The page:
Sandy Jap

The 'squishy' side of B2B

Business relationships fail more often than they succeed. Enter Sandy Jap, an expert in interorganizational relationships, whose research spans industries and organizations in both profit and nonprofit spaces.

"I help business-to-business (B2B) partners grow the pie together to get greater returns," says the professor of marketing at the Goizueta Business School. "As you might imagine, this can get complicated with big companies that need to figure out how to go to market through many wholesalers, retailers, and multiple channel forms."

In her new book for managers, Partnering with the Frenemy, Jap delves into what happens in B2B relationships when things go bad and how to make them go right again. She explores how initial friendships can lead to misperceptions and suspicion whereas the establishment of rapport can create a "stickiness" that has a countering effect and leads to better outcomes faster. Rapport, however, is not a fail-safe; it may backfire in a negative bargaining zone, taking precedence over the client's desires, Jap says. For example, she has seen seasoned executives in an experimental lab setting, in which they have nothing real to lose, "compromise their clients, lie, overpromise, or even throw away their ethics when they have rapport but are unable to get the deal made."

A social behavioral theorist, Jap dubs her area of expertise as the "squishy" side of partnering. But her qualitative relationship perspective is backed by quantitative data. Jap's scholarship spans survey methodologies, secondary datasets, and lab and field experiments.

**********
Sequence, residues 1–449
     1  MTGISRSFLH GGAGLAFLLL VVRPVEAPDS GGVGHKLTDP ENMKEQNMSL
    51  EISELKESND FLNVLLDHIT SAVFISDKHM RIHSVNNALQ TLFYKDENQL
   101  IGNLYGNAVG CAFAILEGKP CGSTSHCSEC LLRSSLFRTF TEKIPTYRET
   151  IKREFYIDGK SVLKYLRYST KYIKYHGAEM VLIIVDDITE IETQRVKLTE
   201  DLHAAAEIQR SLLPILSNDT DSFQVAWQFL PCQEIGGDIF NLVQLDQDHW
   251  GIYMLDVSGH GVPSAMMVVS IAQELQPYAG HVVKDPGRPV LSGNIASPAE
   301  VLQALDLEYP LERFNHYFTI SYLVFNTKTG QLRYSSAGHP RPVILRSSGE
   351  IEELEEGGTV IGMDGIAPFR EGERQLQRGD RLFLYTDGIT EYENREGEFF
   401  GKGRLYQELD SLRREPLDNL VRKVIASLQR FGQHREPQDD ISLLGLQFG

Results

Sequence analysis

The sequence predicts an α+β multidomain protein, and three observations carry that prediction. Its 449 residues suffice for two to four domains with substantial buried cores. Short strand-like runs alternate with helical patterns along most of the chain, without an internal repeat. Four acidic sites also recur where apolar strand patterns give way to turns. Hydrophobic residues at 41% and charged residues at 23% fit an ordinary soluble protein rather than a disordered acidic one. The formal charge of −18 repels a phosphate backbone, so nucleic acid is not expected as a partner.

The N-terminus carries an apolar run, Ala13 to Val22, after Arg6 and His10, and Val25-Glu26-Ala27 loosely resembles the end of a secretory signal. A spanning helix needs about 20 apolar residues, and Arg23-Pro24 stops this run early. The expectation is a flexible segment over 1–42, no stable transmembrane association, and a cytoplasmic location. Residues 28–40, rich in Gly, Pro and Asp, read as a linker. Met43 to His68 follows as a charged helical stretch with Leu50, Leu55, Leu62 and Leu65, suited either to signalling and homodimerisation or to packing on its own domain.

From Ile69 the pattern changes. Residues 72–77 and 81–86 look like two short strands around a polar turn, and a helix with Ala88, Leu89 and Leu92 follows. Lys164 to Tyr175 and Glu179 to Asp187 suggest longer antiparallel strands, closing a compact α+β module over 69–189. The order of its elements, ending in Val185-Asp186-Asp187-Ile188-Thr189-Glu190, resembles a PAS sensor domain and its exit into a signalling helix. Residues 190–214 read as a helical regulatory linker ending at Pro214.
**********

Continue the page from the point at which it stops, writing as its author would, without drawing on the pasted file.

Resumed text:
She brings these analytic techniques to executives and students through the Emory Marketing Analytics Center (MAC), which she helped launch in 2010. Simply put, the MAC's goal is to combine science-based testing and rigor to inform management's vision for the future. There, students and executives alike learn to develop decision-support models based on empirical data and statistical approaches as well as to leverage technologies and processes along with fact-based management to inform decisions.

In one simulation exercise that Jap leads, she teaches students how to go to market, design incentives, and the underlying but all-important factor of relationships. "They start by thinking the lesson is about sales volume and money," Jap explains. "They are given a role as either manufacturer or retailer and a script, but by the end of the experiment, they come out with a bigger revelation: they need each other."